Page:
The Just War Tradition in the Age of Faith
Vox Nova's Kyle R. Cupp quotes a "picture [that] speaks a thousand plus words to our contemporary thinking about the justification of war" — Osborn on the Origins of Just War Tradition. Writes Commonweal's Ronald Osborn:
- During the Middle Ages—the historical context for the rise of what would come to be known as the “just war” tradition—violence under any circumstance was deemed a great evil by the church. In official Catholic teaching, combat was accepted as legitimate only when it prevented still greater evils and led to an otherwise unobtainable peace. The common ecclesiastical opinion, though, was that virtually all wars by the feudal nobility were waged from libido dominandi, lacked just cause, and resulted in far greater harm than good.
The rules of “just war” were not developed in courts by religious advisers keen to justify war. Rather, the tradition took shape largely in the setting of the confessional. It was codified in canon law by priests who wanted to limit the brutality of war and who were responding to a very practical question: Should knights returning from the battlefield be allowed to partake of the Eucharist? “Just war” precepts were applied to determine what sorts of penance soldiers should be made to perform before being fully readmitted to the Body of Christ.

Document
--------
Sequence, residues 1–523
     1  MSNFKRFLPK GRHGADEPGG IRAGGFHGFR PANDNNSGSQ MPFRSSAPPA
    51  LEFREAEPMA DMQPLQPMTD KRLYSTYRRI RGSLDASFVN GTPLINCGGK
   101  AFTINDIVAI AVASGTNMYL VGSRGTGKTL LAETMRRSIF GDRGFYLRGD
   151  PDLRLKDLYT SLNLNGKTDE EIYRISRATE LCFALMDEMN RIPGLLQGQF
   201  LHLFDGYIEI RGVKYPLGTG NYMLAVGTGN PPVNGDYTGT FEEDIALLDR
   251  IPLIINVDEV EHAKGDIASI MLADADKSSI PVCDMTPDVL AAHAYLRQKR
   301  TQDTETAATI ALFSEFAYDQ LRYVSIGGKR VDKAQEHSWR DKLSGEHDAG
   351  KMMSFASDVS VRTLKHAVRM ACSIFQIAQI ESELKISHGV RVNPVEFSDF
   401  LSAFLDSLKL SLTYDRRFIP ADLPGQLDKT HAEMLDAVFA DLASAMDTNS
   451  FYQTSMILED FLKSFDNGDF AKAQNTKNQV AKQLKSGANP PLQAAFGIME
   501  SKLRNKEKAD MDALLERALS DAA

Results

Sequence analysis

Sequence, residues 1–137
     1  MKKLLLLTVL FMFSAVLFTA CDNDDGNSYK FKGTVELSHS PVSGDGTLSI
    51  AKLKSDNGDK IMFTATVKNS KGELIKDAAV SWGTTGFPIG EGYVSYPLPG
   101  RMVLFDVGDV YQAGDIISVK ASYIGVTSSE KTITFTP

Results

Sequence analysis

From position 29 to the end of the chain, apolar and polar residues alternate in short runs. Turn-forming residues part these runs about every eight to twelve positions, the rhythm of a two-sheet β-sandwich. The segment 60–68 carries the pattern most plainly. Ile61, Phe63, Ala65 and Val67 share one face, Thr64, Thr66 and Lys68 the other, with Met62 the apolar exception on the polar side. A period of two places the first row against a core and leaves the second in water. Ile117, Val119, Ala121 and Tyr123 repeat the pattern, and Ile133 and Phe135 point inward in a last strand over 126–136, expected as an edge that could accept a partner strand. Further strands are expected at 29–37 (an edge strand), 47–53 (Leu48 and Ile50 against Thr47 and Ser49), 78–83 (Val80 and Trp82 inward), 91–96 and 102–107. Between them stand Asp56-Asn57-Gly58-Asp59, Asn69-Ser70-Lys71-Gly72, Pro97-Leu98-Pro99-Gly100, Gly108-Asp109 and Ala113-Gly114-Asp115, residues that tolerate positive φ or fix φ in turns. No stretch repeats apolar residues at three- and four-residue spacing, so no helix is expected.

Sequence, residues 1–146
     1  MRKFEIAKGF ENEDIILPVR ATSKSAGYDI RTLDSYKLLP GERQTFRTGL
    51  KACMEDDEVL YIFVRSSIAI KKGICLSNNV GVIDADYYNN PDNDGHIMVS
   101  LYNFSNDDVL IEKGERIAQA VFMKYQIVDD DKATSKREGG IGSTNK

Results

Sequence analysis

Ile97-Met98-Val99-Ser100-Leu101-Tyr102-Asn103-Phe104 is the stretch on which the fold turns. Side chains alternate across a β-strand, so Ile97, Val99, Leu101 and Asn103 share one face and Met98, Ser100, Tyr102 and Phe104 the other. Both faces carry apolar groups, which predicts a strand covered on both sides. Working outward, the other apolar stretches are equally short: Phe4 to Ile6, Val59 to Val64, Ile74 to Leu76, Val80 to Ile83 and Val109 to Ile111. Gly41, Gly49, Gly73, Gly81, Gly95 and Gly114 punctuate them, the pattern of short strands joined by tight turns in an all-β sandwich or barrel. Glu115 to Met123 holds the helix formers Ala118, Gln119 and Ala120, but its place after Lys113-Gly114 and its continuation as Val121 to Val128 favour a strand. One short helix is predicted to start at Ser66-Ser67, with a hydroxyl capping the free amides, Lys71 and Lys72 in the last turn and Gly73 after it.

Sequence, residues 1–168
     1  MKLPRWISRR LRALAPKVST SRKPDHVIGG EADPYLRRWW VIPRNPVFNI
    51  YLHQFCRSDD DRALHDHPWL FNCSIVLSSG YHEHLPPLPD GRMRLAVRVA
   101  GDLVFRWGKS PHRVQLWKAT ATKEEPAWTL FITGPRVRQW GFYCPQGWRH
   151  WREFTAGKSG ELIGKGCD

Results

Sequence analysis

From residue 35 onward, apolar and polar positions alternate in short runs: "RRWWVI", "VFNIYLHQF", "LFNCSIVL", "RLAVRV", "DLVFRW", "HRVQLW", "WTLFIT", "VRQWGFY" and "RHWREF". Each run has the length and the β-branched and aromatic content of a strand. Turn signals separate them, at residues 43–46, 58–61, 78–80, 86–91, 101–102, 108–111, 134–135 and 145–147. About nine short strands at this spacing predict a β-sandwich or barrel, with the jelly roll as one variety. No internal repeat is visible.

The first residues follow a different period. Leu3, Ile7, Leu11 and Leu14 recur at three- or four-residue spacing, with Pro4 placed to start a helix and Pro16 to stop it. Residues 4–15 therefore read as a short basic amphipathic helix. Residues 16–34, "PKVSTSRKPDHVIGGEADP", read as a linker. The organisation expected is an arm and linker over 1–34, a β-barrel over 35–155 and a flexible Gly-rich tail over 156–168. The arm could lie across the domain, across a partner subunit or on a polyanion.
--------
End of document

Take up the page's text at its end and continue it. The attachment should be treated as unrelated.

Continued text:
There was no place, then, for triumphal displays in the aftermath of wars or violence, even when a conflict was seen as a tragic necessity or manifestation of God’s providential punishment of the wicked by the sword of the magistrate. The authorities who served as the agents of God’s wrath might themselves reap the violence they sowed. The moral legitimacy of taking any human life made in the imago Dei was always at best a regrettable concession to the violent realities of the “city of man” still in defiance of the City of God. In all cases, the attitude of believers toward wars and killing was to be one of somber soul-searching and even mourning for their enemies.